Life During Wartime

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Image of Life During Wartime (S.F. MASTERWORKS)
Author: Lucius Shepard
Publisher: Gollancz (2006)
Binding: Paperback, 432 pages

Life During Wartime by Lucius Shepard - 2.5 out of 5.

This seems an odd choice, both for an SF Masterworks book (the edition that I read), as it's neither especially great, nor offensively bad, but just okay with some good bits & some mediocre bits.

There isn't all that much SF in this book. There is some near future war technology & a some psychic shenanigans going on, but it's one of those - “is it really a SF book” kind of things.

The book is broken into five definite sections, each of which has it's own separate location & plot. Each of these sections is further split up with other still smaller chunks. The whole thing is really just a sequence of connected short stories. There is a main journey and we meet many people along the way who play a little part & are then mostly left behind. The narrative of the book is constantly broken up throughout with various shorts & asides, visions & hallucinations. Meaning there is no real “build-up” to the main story. The writing is almost like the wandering thoughts of a day dream at times.

Then again our main character, Mingolla, is pretty messed up through the use of drugs (taken both voluntarily & by force), especially in the early & middle sections of the book, leading us to question to what's real anyway.

The power struggle (hinted at earlier in the book & the apparent cause the War) that has been going on for 100's of years between two powerful families had real possibilities within the novel (& has more than a little of the feel of Iain M Banks about it), but it was ultimately disappointing. As, in the final section, we meet the two families in question & I was made to wonder what the war was really all about? It just came over as a squabble between two immature groups that didn't get on with each other. Perhaps this may lead to a kind of gang warfare (albeit with more aristocratic leanings) but it never seemed to come across as something that would cause the large scale conflict seen in the earlier sections of the book.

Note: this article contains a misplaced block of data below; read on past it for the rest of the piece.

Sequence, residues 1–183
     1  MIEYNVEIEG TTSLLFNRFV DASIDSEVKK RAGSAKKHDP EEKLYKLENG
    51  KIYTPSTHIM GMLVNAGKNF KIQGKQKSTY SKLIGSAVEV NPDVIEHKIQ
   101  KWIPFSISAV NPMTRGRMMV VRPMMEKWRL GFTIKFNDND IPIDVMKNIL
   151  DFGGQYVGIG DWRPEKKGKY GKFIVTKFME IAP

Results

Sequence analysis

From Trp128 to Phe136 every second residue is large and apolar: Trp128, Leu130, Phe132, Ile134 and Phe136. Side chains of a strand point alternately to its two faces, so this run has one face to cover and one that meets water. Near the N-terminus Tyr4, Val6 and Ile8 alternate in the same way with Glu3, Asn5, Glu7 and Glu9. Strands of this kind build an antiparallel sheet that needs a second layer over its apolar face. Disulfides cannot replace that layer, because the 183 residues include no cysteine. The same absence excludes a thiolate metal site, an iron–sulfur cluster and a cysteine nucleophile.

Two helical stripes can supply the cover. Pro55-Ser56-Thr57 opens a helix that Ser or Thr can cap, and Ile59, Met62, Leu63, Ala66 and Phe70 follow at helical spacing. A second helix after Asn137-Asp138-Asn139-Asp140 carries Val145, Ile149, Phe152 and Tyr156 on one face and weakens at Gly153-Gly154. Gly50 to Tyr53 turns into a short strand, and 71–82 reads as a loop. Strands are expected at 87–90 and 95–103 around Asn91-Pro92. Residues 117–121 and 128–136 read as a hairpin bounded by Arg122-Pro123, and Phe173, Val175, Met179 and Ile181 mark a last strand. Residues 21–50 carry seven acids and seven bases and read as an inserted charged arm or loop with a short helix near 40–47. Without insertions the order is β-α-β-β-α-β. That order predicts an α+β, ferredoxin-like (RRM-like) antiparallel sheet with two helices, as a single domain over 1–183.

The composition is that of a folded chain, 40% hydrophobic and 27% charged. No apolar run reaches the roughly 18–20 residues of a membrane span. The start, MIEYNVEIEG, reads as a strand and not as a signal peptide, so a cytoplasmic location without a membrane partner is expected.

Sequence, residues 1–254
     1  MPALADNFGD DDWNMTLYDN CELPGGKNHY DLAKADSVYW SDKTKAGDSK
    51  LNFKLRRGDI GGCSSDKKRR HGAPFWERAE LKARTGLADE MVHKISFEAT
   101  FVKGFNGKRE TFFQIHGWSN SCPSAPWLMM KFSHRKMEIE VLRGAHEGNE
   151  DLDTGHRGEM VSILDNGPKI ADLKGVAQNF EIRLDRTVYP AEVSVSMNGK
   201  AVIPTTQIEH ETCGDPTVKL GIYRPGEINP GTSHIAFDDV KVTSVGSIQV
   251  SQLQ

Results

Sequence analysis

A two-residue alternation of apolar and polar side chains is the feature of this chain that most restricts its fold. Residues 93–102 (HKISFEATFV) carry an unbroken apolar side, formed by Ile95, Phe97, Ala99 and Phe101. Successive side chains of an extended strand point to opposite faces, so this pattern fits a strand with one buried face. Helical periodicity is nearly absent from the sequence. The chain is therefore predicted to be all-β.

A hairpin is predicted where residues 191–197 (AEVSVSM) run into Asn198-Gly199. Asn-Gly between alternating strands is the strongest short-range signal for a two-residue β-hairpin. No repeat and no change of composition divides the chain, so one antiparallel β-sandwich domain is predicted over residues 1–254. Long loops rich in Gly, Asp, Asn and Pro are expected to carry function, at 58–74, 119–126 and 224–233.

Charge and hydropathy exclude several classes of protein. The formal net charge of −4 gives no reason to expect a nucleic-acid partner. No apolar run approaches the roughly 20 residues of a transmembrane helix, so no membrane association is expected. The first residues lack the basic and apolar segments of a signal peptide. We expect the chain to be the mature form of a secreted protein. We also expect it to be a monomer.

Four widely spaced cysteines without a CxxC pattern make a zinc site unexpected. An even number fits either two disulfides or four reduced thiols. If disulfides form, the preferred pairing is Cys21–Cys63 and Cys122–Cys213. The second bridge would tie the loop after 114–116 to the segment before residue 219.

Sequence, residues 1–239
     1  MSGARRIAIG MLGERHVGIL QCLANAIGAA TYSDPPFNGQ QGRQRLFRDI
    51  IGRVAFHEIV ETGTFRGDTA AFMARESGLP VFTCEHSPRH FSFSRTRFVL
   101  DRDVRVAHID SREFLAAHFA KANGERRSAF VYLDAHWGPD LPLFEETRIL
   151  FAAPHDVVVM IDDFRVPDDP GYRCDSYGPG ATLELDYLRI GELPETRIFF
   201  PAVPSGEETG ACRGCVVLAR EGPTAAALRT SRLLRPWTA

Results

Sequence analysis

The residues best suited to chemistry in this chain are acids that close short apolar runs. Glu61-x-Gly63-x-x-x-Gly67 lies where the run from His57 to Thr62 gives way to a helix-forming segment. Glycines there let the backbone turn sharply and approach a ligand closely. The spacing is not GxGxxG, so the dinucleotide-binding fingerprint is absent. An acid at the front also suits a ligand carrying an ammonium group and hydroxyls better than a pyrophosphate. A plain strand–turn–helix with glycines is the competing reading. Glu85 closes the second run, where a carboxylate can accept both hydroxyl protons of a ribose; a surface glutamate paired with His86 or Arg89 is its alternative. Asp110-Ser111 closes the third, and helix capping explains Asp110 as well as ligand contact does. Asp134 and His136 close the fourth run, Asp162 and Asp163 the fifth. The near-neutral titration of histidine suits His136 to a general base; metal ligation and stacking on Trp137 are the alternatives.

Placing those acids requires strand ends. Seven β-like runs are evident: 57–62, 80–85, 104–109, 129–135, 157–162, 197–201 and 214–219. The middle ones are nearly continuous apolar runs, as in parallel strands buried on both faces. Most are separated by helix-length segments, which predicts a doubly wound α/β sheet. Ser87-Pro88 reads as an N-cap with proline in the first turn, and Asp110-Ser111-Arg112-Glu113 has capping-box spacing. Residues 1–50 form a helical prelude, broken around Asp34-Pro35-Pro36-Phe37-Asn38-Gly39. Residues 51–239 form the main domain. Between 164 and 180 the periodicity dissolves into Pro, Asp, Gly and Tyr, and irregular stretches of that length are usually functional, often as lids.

Sex is often so unnecessary to a books plot & is often badly written or just awkward to read. Whilst it could probably have been left out here too, what there is, is probably amongst the more interesting & believable sex stuff that I've read, thought the relationship stuff is still pretty sappy.

The plot starts to feel pretty padded out in places, though the substance between the padding is still decent enough to be entertaining. My favourite bits were the Butterfly killing & the “a God in a helicopter” bits. The Dr Izaguirre's character also had some intriguing parts to play.